To regenerate Manchester code in a timing recovery circuit requires the determination of which of the Manchester data signal transitions are the "bit-center" and which transitions present are "bit-edge" transitions. This uncertainty is called "phase-ambiguity," since normal NRZ Clock Recovery techniques will not resolve the proper phase.
Prior art schemes for making this determination exhibit some disadvantages. Among these is that a check for proper phase must be generated at twice the data frequency. Further, in the prior art schemes, output clock jitter will be pattern-dependent and will disadvantageously add to the signal being processed as a correlated source. Additionally, later error detection and fault location in the converted data stream are made more difficult.
Accordingly, one object of the invention is to make a reliable determination of the bit centers in a stream of Manchester coded data.
Another object of the invention is to eliminate pattern dependencies in the recovered clock output.
In accordance with the invention, a novel detector circuit is provided which receives a differentiated and full-wave-rectified version of a Manchester coded data input signal, and, using a monostable flip-flop to trigger a masking signal and some associated circuit functions, selects the correct phase of the data input signal regardless of the nature of the patterns of ones and zeros in the input signal. The masking signal seeks and finds a valid center transition, and then stays "on" long enough to cancel or mask any following edge transition. The result is an output signal from which the clock pulses can be reconstituted, which output signal contains only full-wave-rectified signal pulses corresponding in time to the center of the incoming data bit. Any pulses that correspond to the input data bit edges (as opposed to the bit centers) are blocked and subsequently ignored. The resulting output clock pulse contains only the desired pulses, which unambiguously correspond only to the centers of the incoming Manchester coded data signals.
FIG. 1 is a diagram illustrating a typical NRZ-coded signal;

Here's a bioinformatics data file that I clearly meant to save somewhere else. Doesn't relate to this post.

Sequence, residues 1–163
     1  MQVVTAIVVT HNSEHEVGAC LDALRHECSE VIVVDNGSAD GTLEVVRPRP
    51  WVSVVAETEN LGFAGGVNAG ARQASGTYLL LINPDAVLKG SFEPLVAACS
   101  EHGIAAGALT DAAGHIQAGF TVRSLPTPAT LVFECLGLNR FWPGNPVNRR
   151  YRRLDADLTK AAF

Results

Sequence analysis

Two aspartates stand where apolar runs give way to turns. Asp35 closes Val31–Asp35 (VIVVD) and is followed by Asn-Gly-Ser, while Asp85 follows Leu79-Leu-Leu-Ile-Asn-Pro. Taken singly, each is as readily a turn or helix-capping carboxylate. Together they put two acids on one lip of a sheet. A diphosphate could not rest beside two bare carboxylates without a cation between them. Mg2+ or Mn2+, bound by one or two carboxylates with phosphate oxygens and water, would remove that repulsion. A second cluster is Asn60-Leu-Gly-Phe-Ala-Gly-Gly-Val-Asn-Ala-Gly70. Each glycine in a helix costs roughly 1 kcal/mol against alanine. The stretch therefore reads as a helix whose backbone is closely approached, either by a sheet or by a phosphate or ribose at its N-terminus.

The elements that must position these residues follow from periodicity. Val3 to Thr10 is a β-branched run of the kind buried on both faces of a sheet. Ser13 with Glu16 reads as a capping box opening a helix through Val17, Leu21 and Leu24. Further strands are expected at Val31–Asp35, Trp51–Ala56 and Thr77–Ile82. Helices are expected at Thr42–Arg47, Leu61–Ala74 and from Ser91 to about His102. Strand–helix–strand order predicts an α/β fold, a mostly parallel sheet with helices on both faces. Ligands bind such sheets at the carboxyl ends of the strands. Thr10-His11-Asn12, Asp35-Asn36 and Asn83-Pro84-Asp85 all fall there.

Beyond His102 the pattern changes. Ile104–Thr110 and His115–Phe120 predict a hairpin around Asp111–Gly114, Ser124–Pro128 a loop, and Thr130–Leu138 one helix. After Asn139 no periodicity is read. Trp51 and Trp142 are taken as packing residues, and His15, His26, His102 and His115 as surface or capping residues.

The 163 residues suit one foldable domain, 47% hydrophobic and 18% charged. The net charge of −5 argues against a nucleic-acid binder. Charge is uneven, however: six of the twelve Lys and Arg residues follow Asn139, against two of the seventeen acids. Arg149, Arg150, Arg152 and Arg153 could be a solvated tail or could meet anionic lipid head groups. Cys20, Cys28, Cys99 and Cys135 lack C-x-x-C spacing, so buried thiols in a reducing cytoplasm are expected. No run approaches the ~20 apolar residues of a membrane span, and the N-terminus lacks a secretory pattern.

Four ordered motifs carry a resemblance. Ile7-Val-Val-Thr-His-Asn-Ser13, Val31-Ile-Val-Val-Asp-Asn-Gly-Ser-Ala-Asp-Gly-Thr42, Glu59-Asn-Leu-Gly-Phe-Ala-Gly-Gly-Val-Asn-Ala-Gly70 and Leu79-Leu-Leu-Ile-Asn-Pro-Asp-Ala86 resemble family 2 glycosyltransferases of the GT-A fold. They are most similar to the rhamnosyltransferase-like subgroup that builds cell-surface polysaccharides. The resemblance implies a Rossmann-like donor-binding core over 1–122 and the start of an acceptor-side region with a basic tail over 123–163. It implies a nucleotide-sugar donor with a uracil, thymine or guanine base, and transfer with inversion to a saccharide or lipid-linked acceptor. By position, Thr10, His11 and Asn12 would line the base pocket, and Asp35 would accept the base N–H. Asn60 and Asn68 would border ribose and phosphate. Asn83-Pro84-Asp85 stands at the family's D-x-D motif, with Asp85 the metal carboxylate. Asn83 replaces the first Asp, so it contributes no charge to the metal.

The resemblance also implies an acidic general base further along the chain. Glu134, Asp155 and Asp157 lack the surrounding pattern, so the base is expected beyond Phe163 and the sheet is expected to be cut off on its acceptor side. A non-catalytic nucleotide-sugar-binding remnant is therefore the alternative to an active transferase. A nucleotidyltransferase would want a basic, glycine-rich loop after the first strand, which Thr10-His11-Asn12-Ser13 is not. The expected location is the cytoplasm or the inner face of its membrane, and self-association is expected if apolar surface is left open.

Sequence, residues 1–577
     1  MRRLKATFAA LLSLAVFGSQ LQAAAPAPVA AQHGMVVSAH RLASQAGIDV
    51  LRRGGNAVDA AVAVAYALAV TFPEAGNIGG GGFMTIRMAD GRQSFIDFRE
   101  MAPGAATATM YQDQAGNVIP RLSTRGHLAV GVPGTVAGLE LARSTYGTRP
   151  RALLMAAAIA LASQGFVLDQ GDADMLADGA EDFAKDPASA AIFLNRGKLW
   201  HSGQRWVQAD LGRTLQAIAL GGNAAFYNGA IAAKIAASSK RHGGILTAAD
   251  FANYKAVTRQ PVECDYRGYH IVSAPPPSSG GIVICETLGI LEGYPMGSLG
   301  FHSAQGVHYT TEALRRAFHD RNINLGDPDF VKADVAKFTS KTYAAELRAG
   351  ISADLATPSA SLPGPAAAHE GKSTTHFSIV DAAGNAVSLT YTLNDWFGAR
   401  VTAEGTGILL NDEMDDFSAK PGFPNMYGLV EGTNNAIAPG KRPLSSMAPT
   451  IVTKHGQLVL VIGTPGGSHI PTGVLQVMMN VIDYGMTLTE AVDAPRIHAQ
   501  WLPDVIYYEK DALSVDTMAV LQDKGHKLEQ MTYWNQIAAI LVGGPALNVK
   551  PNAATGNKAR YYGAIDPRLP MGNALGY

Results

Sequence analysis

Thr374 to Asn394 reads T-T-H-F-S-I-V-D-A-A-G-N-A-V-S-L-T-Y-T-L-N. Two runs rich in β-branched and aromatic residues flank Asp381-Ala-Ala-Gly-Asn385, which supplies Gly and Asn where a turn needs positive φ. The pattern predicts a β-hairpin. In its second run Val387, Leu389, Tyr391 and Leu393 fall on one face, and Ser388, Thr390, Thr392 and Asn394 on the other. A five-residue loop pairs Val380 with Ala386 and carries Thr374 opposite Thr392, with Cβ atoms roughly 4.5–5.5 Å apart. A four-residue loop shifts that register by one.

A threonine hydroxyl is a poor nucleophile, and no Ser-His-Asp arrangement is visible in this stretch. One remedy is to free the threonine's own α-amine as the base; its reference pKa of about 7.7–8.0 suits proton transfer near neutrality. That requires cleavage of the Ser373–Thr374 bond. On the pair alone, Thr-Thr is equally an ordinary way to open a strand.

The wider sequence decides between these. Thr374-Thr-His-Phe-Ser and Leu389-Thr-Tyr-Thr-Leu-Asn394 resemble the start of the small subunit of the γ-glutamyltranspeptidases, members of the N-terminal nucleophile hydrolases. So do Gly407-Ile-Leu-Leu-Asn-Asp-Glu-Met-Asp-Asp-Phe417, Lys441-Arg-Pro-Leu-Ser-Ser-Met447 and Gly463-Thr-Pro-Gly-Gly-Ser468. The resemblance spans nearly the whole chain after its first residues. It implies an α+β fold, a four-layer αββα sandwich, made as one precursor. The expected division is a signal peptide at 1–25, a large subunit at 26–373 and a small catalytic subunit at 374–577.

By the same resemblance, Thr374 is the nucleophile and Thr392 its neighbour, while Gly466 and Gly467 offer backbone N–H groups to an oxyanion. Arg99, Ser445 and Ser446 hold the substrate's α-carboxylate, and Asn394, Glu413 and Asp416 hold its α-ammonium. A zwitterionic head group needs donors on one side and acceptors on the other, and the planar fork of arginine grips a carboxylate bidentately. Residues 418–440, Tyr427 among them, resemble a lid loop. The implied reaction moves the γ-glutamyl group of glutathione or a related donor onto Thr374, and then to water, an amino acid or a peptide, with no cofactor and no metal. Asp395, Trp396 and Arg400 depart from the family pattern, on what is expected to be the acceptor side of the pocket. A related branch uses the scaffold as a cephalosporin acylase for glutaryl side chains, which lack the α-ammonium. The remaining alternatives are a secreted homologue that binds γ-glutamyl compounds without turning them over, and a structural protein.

FIG. 2 is a set of signal patterns illustrating the step-by-step blocking or masking of out-of-phase components of the data input signal;
FIG. 3 is a block diagram of an exemplary circuit which practices the invention; and
FIG. 4 is a further waveform diagram illustrating the function of a phasing gate.
The familiar NRZ code format is depicted in FIG. 1. The high signal level signifies the value "1," and the low level signifies the value "0." A change in signal level from one time slot to the next generates a transition edge. No change in signal value, indicating two successive bits of the same value, does not cause a transition edge.
Manchester code differs in format from NRZ code, one consequence of the format difference being the phase ambiguity problem. The present invention, which eliminates phase ambiguity, will first be described by reference to FIG. 2 in terms of waveform generations, followed by an illustration of circuitry for creating the waveforms.
The Manchester code format is depicted as the trace at the top of FIG. 2. In the Manchester input signal V.sub.IN, the 1 and 0 binary information is contained as center transitions, several such transitions being shown. The input signal is first differentiated and then full-wave rectified. Each transition appears as a pulse on the FWR plot of FIG. 2. Certain of the transitions, such as the one depicted as transition "a," are not desired because they are end, and not center, transitions. End transitions can create phase ambiguity.
In accordance with the invention, the FWR signal is fed as a trigger signal to a monostable flip-flop. The monostable flip-flop is adapted to stay "on" for an appreciable fraction of the timing cycle value, for example two-thirds of the time, and to thereafter return to its "off" state. If during the "on" time a FWR pulse associated with an edge transition occurs, the monostable flip-flop will not react to it, for reasons further explained below in connection with FIG. 3. This masking or blocking of an edge transition may be seen by considering the MONO plot of FIG. 2.
Prior to blocking the out-of-phase edge transition pulses, the monostable flip-flop output is delayed by a small fraction such as one-sixth of the timing cycle. The delayed signal is shown as the DEL plot of FIG. 2. This allows the negative component (not shown) of the monostable output to be "ANDED" in a summer with the full-wave rectified input signal, for the purpose of blocking out the pulse associated with edge transition. The resulting signal contains only the center transition spikes, with the edge transition spikes removed, as seen in the trace of FIG. 2 denoted "SUM." The SUM signal then is inputted to a filter driver where it is quantized; and the output from there is inputted to a narrow band filter which performs the operation of removing the wideband noise from the signal.